I am surprised there are no regulations on gate size and geometry vs aircraft wingspan, length and undercarriage geometry.
Of course a large constraint on any solution is who pays for it, both directly and inderectly (reduced capacity etc).
That combined with "acceptable risk" (aka insurance rates) likely means there will be no improvement seen in foreseeable future.

Regulators probably will not see this problem as a passenger safety risk, at least until someone manage to puncture a fuel tank.
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Old 31st May 2018, 22:14
  #51 (permalink)  
 
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Originally Posted by BAengineer View Post
Already happening Sid.

I'm not allowed to post links but if you do a Google search for: automated-aircraft-moving-at-heathrow ATI21 and click on the first link you will see exactly what you are proposing
BAengineer

Had a look at the site that you suggested. These tugs aren't automated as they still have a person walking beside them with a wireless controller. Big thing I noticed is that they are electric.
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Old 1st Jun 2018, 07:04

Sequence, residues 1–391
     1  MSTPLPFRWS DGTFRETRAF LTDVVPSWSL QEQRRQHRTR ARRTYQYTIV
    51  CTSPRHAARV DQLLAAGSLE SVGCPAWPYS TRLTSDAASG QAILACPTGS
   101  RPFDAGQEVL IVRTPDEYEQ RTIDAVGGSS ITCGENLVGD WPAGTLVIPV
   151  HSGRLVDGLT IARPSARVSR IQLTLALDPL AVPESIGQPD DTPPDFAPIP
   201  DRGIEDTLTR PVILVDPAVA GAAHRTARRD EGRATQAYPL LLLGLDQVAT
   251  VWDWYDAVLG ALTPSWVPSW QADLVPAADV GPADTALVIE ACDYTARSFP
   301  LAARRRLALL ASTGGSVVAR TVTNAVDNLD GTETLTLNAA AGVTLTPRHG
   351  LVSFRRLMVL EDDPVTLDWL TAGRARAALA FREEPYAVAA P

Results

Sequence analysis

#52 (permalink)  
 
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Originally Posted by Bksmithca View Post
BAengineer

Had a look at the site that you suggested. These tugs aren't automated as they still have a person walking beside them with a wireless controller. Big thing I noticed is that they are electric.

The device BA is using on some LHR pushbacks is a Mototok product ....and as you say they are not automated/automatic, they are controlled and driven by the accompanying handler.

Claimed advantages are manpower and environmental.





Last edited by wiggy; 1st Jun 2018 at 08:37.
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Old 1st Jun 2018, 09:26
  #53 (permalink)  
 
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Originally Posted by Bksmithca View Post
BAengineer